Monday, February 08, 2010

Critics of the Vernacular Shouldn't Read This

Not a day goes by when I don't hear about the objection to the introduction of Latin in the OF Mass. Even after all the progress that has been made. Or the progress we think we've made. And this is not just from the faithful. It is mostly from pastors and music directors who themselves have objections to Latin!

I was speaking with someone yesterday who served at the altar in the early 1960s, before everything changed. He remembers that he and the other altar boys were the only ones reciting responses. He would turn around and see the congregation not paying attention at all, were disengaged, obviously didn't understand the Latin and had no idea of what was going on, or were otherwise occupied with private devotions. In his eyes the change to the vernacular (lets leave out all of the other things that changed) was a good thing, in that it opened up the Mass to the people. They began to participate.

Are his comments borne of a young boy's insecurity? Are they borne of a sense of discomfort with doing something he was supposed to do, yet saw that others, not even grown ups, were doing it? Or are they observations of someone looking back after all these years and assessing the situations then and now, and making an informed judgment? We'll never know.

But it got me thinking. With the new translations looming (and looming and looming), maybe this is a good opportunity to stop talking about Latin so much – for the time being. Yes, tradition is important, and Latin is the language of the Roman rite. So we can't ignore it. I'm not proposing that.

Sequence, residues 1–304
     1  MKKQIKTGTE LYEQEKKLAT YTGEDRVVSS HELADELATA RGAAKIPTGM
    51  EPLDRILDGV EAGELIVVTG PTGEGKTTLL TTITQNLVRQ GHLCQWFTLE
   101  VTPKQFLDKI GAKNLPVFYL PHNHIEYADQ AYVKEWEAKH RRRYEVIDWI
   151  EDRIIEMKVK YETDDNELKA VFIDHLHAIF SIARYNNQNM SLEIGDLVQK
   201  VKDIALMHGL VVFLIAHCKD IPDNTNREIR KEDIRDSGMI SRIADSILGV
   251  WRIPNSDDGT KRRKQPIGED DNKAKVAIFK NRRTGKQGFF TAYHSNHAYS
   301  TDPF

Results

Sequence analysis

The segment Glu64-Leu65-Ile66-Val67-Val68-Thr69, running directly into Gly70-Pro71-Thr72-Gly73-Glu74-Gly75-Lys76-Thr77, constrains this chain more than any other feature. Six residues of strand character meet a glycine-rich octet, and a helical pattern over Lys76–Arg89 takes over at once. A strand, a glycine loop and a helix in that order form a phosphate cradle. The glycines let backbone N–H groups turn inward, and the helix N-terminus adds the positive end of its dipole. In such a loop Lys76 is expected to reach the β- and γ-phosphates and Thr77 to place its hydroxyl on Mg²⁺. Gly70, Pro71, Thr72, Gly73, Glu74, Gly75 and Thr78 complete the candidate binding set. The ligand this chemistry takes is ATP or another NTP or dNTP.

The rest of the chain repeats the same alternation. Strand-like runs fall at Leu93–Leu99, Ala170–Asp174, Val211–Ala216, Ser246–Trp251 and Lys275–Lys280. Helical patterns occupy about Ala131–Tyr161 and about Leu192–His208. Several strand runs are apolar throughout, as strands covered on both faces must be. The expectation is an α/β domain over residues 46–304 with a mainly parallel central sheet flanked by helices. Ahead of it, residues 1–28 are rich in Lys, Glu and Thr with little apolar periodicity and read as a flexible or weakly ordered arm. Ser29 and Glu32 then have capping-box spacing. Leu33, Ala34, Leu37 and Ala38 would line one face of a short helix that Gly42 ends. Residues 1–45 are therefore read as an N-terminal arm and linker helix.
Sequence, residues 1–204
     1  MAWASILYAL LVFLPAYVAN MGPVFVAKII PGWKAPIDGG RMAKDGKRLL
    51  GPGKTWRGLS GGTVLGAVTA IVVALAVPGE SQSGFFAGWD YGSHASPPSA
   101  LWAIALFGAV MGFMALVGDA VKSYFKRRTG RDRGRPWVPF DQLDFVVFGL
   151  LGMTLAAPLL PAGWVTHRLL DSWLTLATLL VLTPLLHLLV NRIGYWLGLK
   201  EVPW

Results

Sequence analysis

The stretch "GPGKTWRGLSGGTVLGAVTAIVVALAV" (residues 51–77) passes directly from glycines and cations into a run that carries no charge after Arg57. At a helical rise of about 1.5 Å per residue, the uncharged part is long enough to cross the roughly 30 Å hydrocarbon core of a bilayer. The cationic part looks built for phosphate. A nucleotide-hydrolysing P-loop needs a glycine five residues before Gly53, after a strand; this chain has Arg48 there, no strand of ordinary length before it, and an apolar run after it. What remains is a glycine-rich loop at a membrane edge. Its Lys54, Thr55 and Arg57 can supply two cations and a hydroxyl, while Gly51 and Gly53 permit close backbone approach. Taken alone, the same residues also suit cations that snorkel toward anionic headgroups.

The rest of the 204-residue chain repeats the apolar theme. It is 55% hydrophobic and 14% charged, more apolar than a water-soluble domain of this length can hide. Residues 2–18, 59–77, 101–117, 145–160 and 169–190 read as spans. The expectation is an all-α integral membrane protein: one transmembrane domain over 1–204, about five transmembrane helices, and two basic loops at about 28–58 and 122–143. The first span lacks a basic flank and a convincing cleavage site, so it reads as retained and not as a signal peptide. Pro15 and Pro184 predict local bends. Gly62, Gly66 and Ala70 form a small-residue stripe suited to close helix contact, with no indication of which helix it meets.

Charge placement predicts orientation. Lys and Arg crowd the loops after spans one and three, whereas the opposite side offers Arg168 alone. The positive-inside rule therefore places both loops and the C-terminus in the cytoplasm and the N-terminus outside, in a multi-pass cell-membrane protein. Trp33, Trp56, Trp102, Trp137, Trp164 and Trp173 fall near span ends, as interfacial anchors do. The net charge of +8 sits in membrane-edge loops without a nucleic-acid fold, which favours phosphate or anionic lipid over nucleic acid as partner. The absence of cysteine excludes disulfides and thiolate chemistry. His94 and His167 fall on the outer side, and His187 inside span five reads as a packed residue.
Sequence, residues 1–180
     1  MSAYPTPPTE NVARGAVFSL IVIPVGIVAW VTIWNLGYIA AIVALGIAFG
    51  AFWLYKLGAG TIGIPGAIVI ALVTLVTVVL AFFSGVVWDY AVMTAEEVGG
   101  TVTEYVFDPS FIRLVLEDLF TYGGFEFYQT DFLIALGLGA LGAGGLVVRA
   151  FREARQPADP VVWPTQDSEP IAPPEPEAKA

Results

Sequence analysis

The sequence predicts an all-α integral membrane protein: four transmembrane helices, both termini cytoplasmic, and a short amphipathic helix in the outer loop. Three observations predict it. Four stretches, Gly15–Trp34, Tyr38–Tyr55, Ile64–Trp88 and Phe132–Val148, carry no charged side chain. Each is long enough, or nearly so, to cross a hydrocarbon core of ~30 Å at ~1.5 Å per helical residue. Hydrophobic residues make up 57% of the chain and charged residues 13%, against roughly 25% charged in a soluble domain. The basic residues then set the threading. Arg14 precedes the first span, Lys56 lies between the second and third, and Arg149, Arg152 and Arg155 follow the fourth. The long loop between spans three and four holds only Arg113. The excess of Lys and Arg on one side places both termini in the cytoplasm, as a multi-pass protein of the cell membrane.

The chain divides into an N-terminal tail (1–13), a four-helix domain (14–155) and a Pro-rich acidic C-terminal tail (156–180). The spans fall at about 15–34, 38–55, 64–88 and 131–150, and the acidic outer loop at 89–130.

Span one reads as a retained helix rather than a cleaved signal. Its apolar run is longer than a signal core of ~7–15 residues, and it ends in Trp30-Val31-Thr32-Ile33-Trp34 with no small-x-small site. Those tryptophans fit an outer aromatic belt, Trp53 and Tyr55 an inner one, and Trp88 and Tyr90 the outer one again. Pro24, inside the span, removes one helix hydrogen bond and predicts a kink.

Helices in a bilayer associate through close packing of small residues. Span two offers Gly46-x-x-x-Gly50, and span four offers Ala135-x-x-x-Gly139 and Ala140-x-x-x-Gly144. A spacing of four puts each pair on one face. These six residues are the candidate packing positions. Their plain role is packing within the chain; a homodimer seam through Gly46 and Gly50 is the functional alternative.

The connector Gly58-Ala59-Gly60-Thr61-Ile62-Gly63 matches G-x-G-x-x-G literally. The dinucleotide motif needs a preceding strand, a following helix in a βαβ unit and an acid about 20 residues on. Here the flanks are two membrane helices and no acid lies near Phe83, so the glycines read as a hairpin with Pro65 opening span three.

But isn't it also true that lack of solemnity and decorum is one of biggest problem that we face? Maybe even a bigger problem than the choice of language itself? One can celebrate an OF Mass in English in a dignified way, after all.

Does suddenly forcing people to sing a Sanctus or Agnus in Latin change things all that much if they don't understand what is at stake — that Mass plays an essential role in the sacramental life of the Church, and is not intended as a vehicle for their own pleasure or an opportunity to wear their new flip flops? This is an abrupt change for them – and in their eyes — as inexplicable as the sudden changes that ravaged parish after parish after Vatican II. Wouldn't it make more sense for them to first understand that the Mass is as "apostolic" as anything else, and that the way we celebrate is borne of tradition and a mark of who we are in the Christian world?

Of course the new translations will have to be taught. In all honesty, I think the learning will happen on its own and without long pedagogy sessions before Mass. A few weeks or months of repetition, and they'll be learned — ingrained. It won't be a problem.

Right now so many of us our busy printing the English in our programs so people can read along as we sing or say something in Latin. Providing a translation has been argued as a way to make the Latin accessible. I think it helps. And when the new translations come out, many will want to print the new English responses, Creed, Gloria, etc., in their programs. Publishers of hymnals and other "newsprint" worship aids will be doing the same.

How about we turn things on their heels? Up the ante just a bit? How about instead of just the new translations, we print the Latin, too, right next to the new responses. The way we do with the English now – for transparency purposes. People may gain some sense that the changes are not just a result of the desire to update things for our times. It might show them that language is serious business, and that the language we use at Mass carries with it an obligation to tradition.

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